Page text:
In the sports article When the rivalry boils over (March 30), Kumar Shyam recalled five classic one-day matches between India and Pakistan. This indeed is a well written article, but slightly biased since of the five matches mentioned, there's only one match in Pakistan's favour. Keeping in mind the amazing cricketing history we have, I am sure if the writer did his research more efficiently, he would have found numerous other matches which were worth a mention. But then again, I guess the India versus Pakistan match has triggered an adrenaline rush and he was just being patriotic, I guess.
Fawad Naz, Abu Dhabi
This has reference to the letter of Amir Shah, Cricket match to boost peace (March 29), commenting on my letter entitled An insensitive invitation (March 27). Mr Shah would like to focus on the cricket and forget the 179 people killed and 300 wounded in the November 26 Mumbai attacks.
The entire world knows that Pakistan was involved in the terrorist attacks in Mumbai. Yet, many Pakistan's leaders continue to deny this.
The facts are that cricket diplomacy comprising of prime ministers and presidents of India and Pakistan watching cricket together has been reduced to a two-penny farce. Pakistan's leadership and military elite are jealous and insecure about India. They have no genuine interest in peace with India. Peace would destroy many careers in Pakistan, because hatred of India has become a raison d'être.
Peace requires integrity of purpose. Pakistan's leadership lacks this. They are putty in the hands of the religious fanatics and the military elite of the country.
India should leave the peace process alone and just focus on its own security and economic growth.
Rajendra K Aneja, Dubai
An ironic change of slogans
In response to the editorial As Libyan crisis deepens, West's role must grow (March 29), it seems "America, Go Home!" has morphed into "America, How Can You Just Stand There And Do Nothing?"
Ted Baxter, Dubai
The beginning of a new Arab era
This has reference to Michael Theodoulou's detailed analysis 'Suddenly it's cool to be Arab' (March 29). I have been keenly observing the Arab world for the last three years, after settling in the UAE. After interacting with university students and faculty members, I realise their hardworking and responsible natures, their vibrant and revolutionary minds.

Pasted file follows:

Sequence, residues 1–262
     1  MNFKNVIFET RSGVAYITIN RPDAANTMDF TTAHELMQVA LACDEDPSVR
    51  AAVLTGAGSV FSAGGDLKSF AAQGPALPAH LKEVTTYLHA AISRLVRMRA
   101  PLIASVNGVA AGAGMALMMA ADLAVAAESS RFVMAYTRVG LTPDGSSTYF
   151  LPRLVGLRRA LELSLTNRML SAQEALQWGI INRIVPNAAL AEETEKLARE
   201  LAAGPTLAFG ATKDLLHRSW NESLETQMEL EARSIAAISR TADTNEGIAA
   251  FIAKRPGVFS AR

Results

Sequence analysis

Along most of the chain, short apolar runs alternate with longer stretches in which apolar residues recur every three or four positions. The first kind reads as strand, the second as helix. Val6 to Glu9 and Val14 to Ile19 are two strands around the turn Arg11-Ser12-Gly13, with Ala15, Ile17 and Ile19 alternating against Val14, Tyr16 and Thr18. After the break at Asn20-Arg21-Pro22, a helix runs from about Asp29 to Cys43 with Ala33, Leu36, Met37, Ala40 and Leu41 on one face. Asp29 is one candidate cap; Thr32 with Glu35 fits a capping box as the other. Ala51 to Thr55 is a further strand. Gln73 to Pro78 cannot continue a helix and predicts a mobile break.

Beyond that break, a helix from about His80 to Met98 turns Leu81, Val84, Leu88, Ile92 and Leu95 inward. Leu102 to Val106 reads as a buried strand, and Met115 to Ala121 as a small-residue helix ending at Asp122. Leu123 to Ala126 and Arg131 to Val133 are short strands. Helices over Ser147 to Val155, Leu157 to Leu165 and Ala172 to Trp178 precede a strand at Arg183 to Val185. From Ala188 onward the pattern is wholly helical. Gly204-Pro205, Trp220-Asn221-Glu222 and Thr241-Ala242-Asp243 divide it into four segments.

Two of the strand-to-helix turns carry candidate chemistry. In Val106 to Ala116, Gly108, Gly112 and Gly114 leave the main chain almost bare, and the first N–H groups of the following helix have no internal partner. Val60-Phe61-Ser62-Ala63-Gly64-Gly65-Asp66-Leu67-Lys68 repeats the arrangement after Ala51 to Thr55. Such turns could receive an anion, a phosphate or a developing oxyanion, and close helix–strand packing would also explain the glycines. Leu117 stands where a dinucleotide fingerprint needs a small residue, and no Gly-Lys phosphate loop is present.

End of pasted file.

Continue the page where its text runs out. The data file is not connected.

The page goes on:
In various conferences, I have been overwhelmed to see anger, protest, passion and impatience for change among the youths representing different Arab countries. They are adept with new technologies and social media. They are also like volcanoes waiting to explode.
The revolution has come. It is a reality. The new generation are expressing themselves to redefine their roles and importance and defy the iron hand of outdated social norms. Above all, the revolution provides them an opportunity to uphold their dignity, freedom and self-respect and to protest against corruption and resistance to change. A new renaissance of the Arab world has come. Arabs will emerge as the most dynamic people in the world.
Dr Raju Mathew, Al Ain
UAE could co-host Fifa World Cup
I refer to a sports article of a few months ago UAE must join Qatar in 2022. With a land area of 10,836 square kilometres, Qatar is too small to host such a mega event like the Fifa World Cup. I think Qatar should seriously consider the United Arab Emirates, a country with the world's best infrastructure and sports facilities, to co-host the world's most spectacular event.
Matiur Rahman, Bangladesh
The story behind the hit song
I refer to Quincy Jones just can't stop the music (March 29). Jones's work on Amy Winehouse's cover of It's My Party has brought renewed attention to one of the great girl singers of the 1960s, Lesley Gore. It's My Party was the first number one hit produced by a young Quincy Jones.
Phil Spector also loved this song and produced a version at the same time with The Blossoms. But Jones pulled off a clever trick to get Lesley Gore's version out first. It was an immediate hit and Spector never released The Blossoms' version.
Jensen Lee, Abu Dhabi
Make trailer lights mandatory
There are many vehicles on the roads towing trailers, boats, and jet skis without having proper taillights. There should be a law requiring vehicle operators to connect the tail lights of the trailers to the towing vehicle. Simply having the hazard lights on is not an adequate safety measure for the drivers who are following in traffic.
Cora Yanacek, Abu Dhabi